Frequently Asked Questions
What is a National Heritage Area?
What is the Baltimore National Heritage Area?
The heart of the heritage area is at the center of the city and the Inner Harbor. From this central location, the heritage area expands to include sections of the city with high densities of historic, cultural, and natural attractions for both visitors and residents.
When did Baltimore receive this designation?
Before national designation, the State of Maryland designated the city's dense collection of cultural and natural resources as a recognized heritage area (1997) and a certified heritage area (2001).
What is the boundary of the Baltimore National Heritage Area?
How is the Baltimore National Heritage Area managed?
The National Park Service provides technical, planning, and limited financial assistance to the national heritage area. NPS is a partner and advisor, leaving decision-making authority in the hands of Baltimore's residents, organizations, and institutions.
How do heritage areas work?
The Baltimore National Heritage Area works to spur economic development using sustainable heritage tourism as a key tool. Heritage tourism is also used to promote historic preservation and conservation. While reaching out to tourists is important, interpretative and educational components help communicate Baltimore's history to its residents.
An important component of the heritage area's work is the development of heritage trails that highlight specific Baltimore neighborhoods and their historic places and institutions. Heritage Walk and the Mount Vernon Cultural Walk are the two oldest urban trails. In 2010, the Pennsylvania Avenue Heritage Trail was unveiled, highlighting the historic African American neighborhood that played a crucial role in the civil rights movement. Additional trails are in the planning stages to showcase the Fell's Point, Federal Hill/Sharp-Leadenhall, and West Side neighborhoods.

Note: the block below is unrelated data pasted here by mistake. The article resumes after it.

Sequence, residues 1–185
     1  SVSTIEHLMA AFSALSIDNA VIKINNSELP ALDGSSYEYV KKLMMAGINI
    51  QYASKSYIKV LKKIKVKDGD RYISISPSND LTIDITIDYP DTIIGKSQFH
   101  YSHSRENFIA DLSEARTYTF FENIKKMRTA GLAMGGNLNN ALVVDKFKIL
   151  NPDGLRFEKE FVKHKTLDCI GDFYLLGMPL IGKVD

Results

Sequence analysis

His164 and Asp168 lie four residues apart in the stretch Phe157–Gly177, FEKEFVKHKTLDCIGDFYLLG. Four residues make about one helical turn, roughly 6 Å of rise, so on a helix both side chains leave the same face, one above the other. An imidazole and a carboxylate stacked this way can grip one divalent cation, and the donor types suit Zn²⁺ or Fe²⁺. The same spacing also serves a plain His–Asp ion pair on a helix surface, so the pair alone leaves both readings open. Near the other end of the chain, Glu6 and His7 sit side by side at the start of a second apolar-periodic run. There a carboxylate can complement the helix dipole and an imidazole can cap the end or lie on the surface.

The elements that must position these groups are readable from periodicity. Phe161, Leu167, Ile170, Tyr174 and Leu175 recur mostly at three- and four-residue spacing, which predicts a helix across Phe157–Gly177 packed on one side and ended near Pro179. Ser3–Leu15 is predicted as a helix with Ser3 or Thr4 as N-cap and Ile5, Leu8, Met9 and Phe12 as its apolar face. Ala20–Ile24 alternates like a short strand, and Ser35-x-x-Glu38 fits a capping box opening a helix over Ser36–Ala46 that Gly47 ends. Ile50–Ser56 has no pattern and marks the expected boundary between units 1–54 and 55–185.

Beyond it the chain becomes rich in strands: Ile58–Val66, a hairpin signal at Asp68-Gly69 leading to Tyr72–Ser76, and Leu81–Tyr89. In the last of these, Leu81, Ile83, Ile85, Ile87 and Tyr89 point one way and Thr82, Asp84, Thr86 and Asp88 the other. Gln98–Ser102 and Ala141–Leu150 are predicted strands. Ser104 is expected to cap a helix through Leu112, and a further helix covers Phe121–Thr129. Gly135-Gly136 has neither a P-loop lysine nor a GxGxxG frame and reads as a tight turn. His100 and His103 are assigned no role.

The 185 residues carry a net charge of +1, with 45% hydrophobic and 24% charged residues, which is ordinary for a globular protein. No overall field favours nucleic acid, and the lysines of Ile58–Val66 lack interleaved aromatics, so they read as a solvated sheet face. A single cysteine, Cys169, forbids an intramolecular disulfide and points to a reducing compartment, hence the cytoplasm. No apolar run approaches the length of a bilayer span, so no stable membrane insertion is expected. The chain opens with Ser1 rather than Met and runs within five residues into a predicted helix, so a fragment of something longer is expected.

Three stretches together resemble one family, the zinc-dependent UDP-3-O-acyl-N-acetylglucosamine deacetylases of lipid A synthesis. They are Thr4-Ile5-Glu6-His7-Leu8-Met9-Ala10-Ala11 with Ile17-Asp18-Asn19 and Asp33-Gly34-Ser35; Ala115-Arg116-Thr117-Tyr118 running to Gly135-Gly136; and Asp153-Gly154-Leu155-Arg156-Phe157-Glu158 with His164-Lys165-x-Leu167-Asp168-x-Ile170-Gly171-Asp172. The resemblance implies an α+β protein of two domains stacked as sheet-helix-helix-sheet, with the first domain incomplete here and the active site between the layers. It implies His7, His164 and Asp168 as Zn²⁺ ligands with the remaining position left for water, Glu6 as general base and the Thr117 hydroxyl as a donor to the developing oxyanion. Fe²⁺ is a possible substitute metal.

How important is tourism to Baltimore and its neighborhoods?
Cultural heritage tourism, travel by those seeking to experience the places and activities that authentically represent the stories and people of the past, is one of the fastest growing segments of the travel industry. According to travel industry surveys, the average U.S. traveler spends $457 and about four nights away from home per trip. Visitors who included cultural heritage sites and activities stay longer and spend more: more than $600 and about five nights per trip.
Baltimore and cultural heritage tourism are a perfect fit. Tourism is generally a clean industry that provides an exceptionally strong boost to economic and community revitalization efforts. Visitor spending helps to diversify a neighborhood's economy while preserving the unique character of a community.
Did You Know?
Launched in 1854, the USS Constellation was the last all-sail ship built by the U.S. Navy before steam replaced wind as the standard means of power.